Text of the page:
December 11, 2003
Mark A. Weed
By BARBARA TRAVERS
Firm: Fisher Properties Inc.
To say that Mark Weed had a hand in laying the foundation for the phenomenal success of Dell Computers would be literally accurate.
Fresh out of the University of Washington's School of Architecture & Building Construction, Weed's first project as a construction engineer was the Austin, Texas, student dormitory in which Dell was launched. It would be just a glimpse into a long string of building success stories.
From Texas to Vietnam, Weed did a two-year stint with the Army, after “winning the first draft lottery complete with free food, clothing and airfare.” Back in Seattle, Weed took advantage of the GI Bill and earned a master's degree in business administration at the UW. An astute student counselor advised him to pursue a career in real estate.
Weed worked at Prudential Real Estate for the next eight years, honing his skills from coast to coast and from every business angle. “I went from the Northwest to Newark, Manhattan, Los Angeles, then back to Seattle,” said Weed. “Prudential was my breeding ground — they took me through every phase of real estate from foreclosures, single family, development, property management, lending, servicing, investment analysis and acquisitions.” With Prudential, Weed was instrumental in the development of the Bellevue landmark Skyline Tower, which was completed in 1983.
An opportunity at the Koll Company came next and Weed spent five years as its vice president of development. “This was an exciting period of time in the Northwest,” Weed said. “We moved forward with over 2 million square feet of office, technology and business park space. There were burgeoning projects in the Kent Valley, Canyon Park, I-90, North Creek, Redmond, Overlake, Bellefield and downtown Bellevue.” It was during this era that today's prominent real estate leaders were rubbing elbows and spawning tremendous regional growth.
Joining Fisher Companies 16 years ago, Weed was brought in by CEO Bill Krippaehne to head up the real estate arm of the company, Fisher Properties. Together, they developed a plan to grow the firm over a 15-year period to a $200 million value as well as accumulate 2 million square feet of space. “In reality, we got there based upon that plan,” Weed said. “About the same time we decided to redirect that capital back into our broadcasting company, Fisher Communications.”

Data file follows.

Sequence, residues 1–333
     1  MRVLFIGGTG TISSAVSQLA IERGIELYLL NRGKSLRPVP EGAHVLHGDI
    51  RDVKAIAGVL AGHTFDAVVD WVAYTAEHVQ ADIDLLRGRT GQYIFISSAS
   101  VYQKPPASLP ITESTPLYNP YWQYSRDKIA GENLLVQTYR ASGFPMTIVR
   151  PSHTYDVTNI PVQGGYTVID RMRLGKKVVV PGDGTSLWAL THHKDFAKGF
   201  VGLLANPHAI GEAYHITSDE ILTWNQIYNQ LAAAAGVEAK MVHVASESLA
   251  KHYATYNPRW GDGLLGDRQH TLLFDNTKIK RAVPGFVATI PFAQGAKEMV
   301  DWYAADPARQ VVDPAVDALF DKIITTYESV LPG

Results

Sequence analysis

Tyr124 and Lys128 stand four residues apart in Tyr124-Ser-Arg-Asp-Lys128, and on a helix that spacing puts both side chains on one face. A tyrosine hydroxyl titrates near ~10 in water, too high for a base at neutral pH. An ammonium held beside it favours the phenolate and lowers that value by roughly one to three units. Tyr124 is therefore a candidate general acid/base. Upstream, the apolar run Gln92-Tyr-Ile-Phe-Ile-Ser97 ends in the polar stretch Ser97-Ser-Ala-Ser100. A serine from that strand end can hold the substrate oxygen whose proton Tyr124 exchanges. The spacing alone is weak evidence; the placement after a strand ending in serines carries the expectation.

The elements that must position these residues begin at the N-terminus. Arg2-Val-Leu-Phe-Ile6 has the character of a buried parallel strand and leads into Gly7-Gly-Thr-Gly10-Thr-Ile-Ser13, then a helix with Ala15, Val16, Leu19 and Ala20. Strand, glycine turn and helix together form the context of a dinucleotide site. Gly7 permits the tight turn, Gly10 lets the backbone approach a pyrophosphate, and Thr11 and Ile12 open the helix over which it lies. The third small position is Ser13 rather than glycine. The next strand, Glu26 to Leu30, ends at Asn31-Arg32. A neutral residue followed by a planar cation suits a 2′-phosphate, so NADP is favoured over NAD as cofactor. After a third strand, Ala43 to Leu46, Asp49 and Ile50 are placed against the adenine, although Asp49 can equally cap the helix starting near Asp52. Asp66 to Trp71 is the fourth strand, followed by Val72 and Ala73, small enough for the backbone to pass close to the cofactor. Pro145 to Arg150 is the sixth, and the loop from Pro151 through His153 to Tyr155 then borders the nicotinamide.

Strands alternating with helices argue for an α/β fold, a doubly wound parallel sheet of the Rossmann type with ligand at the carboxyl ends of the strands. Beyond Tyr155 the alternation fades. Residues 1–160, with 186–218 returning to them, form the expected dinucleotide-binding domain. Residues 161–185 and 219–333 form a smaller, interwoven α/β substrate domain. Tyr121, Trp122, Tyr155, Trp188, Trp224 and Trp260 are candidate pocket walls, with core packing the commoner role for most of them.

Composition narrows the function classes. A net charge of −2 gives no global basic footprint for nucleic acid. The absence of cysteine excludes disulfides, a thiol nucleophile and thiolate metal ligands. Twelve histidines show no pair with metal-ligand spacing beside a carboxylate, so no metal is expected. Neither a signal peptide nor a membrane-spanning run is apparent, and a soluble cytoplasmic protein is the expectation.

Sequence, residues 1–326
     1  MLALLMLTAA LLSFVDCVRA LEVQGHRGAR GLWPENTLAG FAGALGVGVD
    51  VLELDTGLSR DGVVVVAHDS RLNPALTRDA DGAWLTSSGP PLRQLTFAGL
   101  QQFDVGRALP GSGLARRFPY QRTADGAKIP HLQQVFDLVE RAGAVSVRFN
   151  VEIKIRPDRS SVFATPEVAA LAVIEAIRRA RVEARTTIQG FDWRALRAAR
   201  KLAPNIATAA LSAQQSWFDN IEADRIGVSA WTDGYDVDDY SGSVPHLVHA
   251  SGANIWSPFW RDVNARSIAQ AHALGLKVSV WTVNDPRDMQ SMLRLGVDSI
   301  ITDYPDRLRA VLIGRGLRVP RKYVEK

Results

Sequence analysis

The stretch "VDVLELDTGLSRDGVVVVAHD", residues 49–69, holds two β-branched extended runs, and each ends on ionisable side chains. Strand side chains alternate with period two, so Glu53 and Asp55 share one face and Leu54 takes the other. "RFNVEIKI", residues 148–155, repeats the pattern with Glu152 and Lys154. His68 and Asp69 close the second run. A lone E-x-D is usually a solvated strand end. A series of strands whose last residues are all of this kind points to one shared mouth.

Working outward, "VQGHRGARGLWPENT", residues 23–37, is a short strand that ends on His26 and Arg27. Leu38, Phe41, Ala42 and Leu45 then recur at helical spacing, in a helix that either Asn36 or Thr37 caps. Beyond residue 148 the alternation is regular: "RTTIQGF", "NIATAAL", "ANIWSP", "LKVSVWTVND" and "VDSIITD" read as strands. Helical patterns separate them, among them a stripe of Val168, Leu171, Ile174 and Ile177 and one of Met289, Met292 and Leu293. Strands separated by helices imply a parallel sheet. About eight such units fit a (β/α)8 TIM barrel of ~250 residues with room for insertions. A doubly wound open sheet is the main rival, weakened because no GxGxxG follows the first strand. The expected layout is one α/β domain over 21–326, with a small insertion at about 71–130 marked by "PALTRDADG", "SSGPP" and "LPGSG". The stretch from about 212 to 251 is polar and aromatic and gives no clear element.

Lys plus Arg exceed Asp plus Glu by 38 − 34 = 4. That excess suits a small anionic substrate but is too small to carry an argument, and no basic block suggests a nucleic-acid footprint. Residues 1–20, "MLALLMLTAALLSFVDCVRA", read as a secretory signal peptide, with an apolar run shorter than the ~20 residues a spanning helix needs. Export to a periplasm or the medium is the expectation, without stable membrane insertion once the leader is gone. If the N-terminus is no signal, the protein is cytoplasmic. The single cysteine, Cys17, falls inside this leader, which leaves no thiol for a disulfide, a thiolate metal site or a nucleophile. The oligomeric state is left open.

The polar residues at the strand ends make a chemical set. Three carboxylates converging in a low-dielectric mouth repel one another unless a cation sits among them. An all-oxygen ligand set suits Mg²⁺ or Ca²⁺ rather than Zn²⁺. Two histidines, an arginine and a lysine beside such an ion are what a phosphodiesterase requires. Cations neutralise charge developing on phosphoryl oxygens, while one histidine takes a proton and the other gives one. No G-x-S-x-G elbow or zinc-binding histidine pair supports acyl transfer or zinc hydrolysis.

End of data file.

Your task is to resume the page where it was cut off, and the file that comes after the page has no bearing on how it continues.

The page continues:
At that point, in autumn of 2001, all Fisher properties were put up for sale.
In just under two years, in a very challenging market, Weed was responsible for the sale of Fisher's entire portfolio of office and industrial space, totaling over 1.3 million square feet. This notable achievement, considering the economy's dour state in recent years, was completed when Weed sold the last two commercial properties held by Fisher, West Lake Union Center and Fisher Business Center, this past October. “We sold everything at our target prices,” he said.
As president of Fisher Properties, Mark Weed is responsible for the day-to-day business affairs and growth of the corporation and is currently directing the company's new real estate service activities. He is responsible for developing and maintaining relationships with banks and other sources of financing.
Weed's low-key demeanor and focused intensity is indicative of his leadership philosophy. Trust is his key ingredient. “You've got to do the right thing. Trust your people, be fair and get out of their way,” he said. “We all believe in the same formula — that teamwork and customer service equate to success.” His long track record of low employee turnover, customer loyalty and continued success speaks volumes to his principles.
Weed is an active member of BOMA (Building Owner's and Managers Association), NAIOP (National Association of Industrial and Office Properties) and Rotary International.
With wife, Becky, Weed has two children, both Harvard graduates. Peter, 26, works at Microsoft and daughter Bryce, 23, attends medical school in New York.
The family is in the process of acquiring a 320-acre ranch in Spanaway. As a rancher in his spare time, Weed tends to the hundred head of cattle, preparing and managing the herd through the annual calving season. The cow/calf operation will produce 30 to 40 calves to be sold to market.
So, what's the difference between selling cows and buildings?
“Cattle don't come back,” Weed said.
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